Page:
Judging from the character and behaviors of Dmitri, Ivan, and Alyosha, you would hardly think the three are brothers.  Dmitri takes after his dad...he's a sensualist, and loves to spend his rubles on the booze and the bitches.  Wooo, if you want to have a good time, then party with Dmitri!  Dmitri is engaged to a woman named Katerina, but he dumps her to pursue Grushenka, who as I mentioned his father is also chasing after.  And Dmitri is in a big fight with his father over his inheritance.  In other words, there's bad blood between Dad and Dmitri.  Real bad.  Early in the novel, Dmitri rushes into his father's house and assaults him, and threatens to come back later and kill him.  I mean, this family put the fun in dysfunctional.  Then there's brother Ivan, the cold-hearted rational intellectual.  Ivan thinks a lot about God and how terrible he is because of all the suffering in the world, and WTF God, that's just not cool.  He's not sure if God is just evil or if there really is no God.  His ideas eventually lead to his father's murder after which he descends into madness.  But again I'm getting ahead of myself.

And then there's the third legitimate son, Alyosha.  If anyone is the hero of this novel it's him.  Alyosha is the exact opposite of his father...loving, kind, devoutly religious, and wise.  He's almost a saint, and in fact when the novel begins he's studying at a monastery with an elder named Zosima to live the life of a monk.  But the wise and saintly Zosima, on his deathbed, commands Alyosha to leave the monastery and live his life out in the real world.  So he does, which certainly makes for a better novel, because otherwise he would just pray and study in the monastery through the whole thing.  Everyone loves Alyosha and recognizes his love and wisdom, and Alyosha loves everyone right back.  Yep, he's definitely the odd one out in this family.

Meanwhile Dmitri, also known as Mitya (everyone in this novel has like eleven different names), is busy trying to scrounge up enough money to run away with Grushenka.  He has some money, but he took this from Katerina who asked him to send it to her sister.  Mitya is wild and crazy and passionate, but at the bottom has a good heart, so he wants to pay Katerina back and not feel like a criminal.  But one night he goes to his father's house, thinking Grushenka is there, but she's not.  He sees his father through the window, and clearly sees Grushenka is not there, so he leaves.  But on the way out, things happen, he clubs his father's servant with a brass pestle, leaves the servant for dead, and takes off.  Next thing you know he's got a bunch of money and is throwing a wild party at an inn where Grushenka and a former lover are hanging out.  Mitya thinks she and her old lover are gonna get back together but no, she declares her love for Mitya and they decide to get married.  WOOO!  Then the police barge in and arrest Mitya for the murder of his father.  Whaa??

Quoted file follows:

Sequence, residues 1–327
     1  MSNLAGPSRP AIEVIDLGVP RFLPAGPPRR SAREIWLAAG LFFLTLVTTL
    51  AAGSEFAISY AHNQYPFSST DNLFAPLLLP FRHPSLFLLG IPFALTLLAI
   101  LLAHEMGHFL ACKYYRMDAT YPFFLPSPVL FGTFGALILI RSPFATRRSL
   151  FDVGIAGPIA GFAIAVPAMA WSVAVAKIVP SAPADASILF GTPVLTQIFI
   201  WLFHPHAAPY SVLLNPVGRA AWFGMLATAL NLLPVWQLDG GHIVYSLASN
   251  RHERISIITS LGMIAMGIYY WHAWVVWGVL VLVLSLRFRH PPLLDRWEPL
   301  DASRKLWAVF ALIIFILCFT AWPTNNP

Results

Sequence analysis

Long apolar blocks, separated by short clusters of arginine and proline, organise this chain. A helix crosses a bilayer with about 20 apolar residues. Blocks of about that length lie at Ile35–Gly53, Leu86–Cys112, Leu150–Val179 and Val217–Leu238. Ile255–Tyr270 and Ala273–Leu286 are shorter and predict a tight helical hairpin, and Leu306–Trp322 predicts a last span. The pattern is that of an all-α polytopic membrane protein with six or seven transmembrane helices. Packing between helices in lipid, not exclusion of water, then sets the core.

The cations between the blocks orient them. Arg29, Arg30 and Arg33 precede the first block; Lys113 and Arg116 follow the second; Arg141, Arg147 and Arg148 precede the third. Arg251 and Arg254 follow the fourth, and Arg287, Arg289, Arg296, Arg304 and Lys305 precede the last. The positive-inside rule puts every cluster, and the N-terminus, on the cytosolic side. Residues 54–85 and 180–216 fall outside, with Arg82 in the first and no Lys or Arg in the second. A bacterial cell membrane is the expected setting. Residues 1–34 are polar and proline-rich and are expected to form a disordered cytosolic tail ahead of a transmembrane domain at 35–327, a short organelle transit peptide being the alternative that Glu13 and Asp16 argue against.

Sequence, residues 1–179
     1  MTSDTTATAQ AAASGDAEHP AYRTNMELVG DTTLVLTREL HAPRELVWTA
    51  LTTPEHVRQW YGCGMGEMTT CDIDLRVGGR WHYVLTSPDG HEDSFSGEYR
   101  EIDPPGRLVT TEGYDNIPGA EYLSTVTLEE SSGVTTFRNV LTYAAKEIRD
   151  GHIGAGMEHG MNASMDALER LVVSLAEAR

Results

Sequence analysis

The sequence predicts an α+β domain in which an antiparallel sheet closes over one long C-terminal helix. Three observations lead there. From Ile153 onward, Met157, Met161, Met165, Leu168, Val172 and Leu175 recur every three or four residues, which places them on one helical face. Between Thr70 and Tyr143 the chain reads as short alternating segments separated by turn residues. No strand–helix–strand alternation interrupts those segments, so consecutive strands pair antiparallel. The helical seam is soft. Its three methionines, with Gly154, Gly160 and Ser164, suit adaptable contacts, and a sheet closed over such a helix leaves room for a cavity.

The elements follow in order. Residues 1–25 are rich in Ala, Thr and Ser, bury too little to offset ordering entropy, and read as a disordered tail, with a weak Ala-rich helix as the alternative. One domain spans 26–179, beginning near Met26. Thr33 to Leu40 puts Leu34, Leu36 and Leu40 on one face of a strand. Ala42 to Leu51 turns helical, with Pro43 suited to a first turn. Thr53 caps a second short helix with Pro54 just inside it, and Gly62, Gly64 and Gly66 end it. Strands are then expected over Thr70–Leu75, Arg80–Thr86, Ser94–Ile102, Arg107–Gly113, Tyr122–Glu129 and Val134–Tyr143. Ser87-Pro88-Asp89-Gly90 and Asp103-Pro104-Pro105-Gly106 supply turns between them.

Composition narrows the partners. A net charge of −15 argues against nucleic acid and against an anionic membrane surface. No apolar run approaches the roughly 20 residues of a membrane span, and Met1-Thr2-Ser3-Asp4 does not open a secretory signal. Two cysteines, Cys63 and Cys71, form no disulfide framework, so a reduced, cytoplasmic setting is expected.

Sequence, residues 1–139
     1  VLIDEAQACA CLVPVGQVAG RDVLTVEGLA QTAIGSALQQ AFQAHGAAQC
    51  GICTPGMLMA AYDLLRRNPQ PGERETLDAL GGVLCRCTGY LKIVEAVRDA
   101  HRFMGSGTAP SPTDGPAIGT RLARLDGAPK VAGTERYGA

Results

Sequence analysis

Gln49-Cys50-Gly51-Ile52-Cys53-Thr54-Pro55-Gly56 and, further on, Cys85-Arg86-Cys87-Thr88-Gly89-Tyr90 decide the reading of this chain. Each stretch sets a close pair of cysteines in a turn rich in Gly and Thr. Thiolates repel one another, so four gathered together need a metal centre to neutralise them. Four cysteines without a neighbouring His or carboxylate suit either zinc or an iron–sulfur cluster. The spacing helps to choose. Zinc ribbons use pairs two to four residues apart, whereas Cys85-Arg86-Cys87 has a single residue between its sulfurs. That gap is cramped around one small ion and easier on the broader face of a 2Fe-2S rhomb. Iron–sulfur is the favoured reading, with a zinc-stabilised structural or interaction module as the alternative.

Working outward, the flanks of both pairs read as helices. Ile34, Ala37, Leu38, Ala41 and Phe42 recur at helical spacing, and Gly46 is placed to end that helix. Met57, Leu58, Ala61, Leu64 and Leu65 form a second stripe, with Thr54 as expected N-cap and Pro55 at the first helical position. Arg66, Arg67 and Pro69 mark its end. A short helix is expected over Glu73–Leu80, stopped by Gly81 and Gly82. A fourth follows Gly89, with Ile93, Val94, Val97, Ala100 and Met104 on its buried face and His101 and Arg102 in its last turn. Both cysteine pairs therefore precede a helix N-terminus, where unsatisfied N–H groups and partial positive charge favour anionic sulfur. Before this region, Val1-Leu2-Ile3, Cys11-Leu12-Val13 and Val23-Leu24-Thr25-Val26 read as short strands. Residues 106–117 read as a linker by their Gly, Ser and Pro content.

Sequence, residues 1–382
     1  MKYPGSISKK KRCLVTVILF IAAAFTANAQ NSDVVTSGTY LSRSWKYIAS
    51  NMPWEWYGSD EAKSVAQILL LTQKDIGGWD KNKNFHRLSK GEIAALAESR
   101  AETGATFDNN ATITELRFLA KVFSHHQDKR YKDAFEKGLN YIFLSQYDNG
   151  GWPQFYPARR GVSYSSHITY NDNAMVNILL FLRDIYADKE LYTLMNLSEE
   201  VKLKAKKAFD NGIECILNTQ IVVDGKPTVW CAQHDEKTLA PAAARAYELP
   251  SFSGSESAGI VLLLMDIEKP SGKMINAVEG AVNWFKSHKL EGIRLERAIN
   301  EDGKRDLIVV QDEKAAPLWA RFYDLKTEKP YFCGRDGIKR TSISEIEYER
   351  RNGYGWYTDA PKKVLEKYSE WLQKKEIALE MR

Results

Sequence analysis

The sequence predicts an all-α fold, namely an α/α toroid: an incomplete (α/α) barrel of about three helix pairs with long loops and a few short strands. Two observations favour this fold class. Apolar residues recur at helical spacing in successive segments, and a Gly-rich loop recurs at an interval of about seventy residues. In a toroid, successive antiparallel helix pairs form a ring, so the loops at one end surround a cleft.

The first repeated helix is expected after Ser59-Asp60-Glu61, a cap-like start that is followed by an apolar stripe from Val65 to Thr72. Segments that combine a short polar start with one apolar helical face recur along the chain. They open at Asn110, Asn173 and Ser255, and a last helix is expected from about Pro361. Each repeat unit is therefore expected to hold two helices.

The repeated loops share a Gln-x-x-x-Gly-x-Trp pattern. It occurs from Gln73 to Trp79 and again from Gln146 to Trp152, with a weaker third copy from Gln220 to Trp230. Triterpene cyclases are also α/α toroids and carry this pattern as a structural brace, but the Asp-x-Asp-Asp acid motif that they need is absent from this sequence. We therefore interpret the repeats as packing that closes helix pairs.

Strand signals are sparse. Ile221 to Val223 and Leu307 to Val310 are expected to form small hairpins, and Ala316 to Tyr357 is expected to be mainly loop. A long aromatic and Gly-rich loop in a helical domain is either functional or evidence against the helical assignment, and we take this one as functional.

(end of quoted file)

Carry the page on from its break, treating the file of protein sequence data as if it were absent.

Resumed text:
Did he do it or not?  Doestoevsky's writing makes it unclear...what exactly happened that night at his father's house?  The murder happens "off camera" and we don't learn about it until the police barge in.  Where did Mitya get the money to throw a wild party at the inn?  But we soon learn he's not guilty.  Then we learn who really did it (spoiler alert: Smerdyakov).  Apparently Smyerdyakov was inspired by Ivan who kept saying that if there's no God then who cares what any of us do because there are no rules, so Smerdyakov kills Pops.  Smerdaykov confesses this to Ivan and then kills himself soon afterwards.  Ivan has a breakdown, no doubt inspired by guilt, and becomes physically ill with fever.  There's a trial and Mitya is found guilty, because frankly it really looks like he did it even though he didn't.  The book ends with Alyosha plotting a way for Mitya to escape to America with Grushenka by paying off some of the guards who will be hauling him off to Siberia.  Does this actually happen?  We don't know because the book ends and Dostoevsky is dead so we can't ask him.

This book was not an easy read.  The first half, in fact, was really slow and ponderous for me.  Then it picks up because, well, MURDER!  And then it slows down again.  The novel is weighty with questions of faith.  What is faith?  What does it mean to have faith, and what does it mean to lack faith?  Alyosha has faith, and truly believes in God, goodness, and love.  And by doing so he inspires others and brings out the best in them.  Ivan, on the other hand, has doubts.  He tries to logically determine whether there's a God or not, and can't do so, which leads him to reject God and religion.  But when explaining this logic to others it leads to the murder of his father, and seemingly to his madness at the end of the novel.  Faith involves a leap into the irrational, Dostoevsky seems to be saying, but by taking this leap the practical results are good for man.  Hmm, recalling my college philosophy class, this reminds me of Kierkegaard, who talks about a leap of faith.  Faith is not rational or logical, which, as a scientist, bothers me a bit.  But in the end Dostoevsky strongly makes the case that faith is better than the lack of it.  Hmm, let me ponder that over another martini...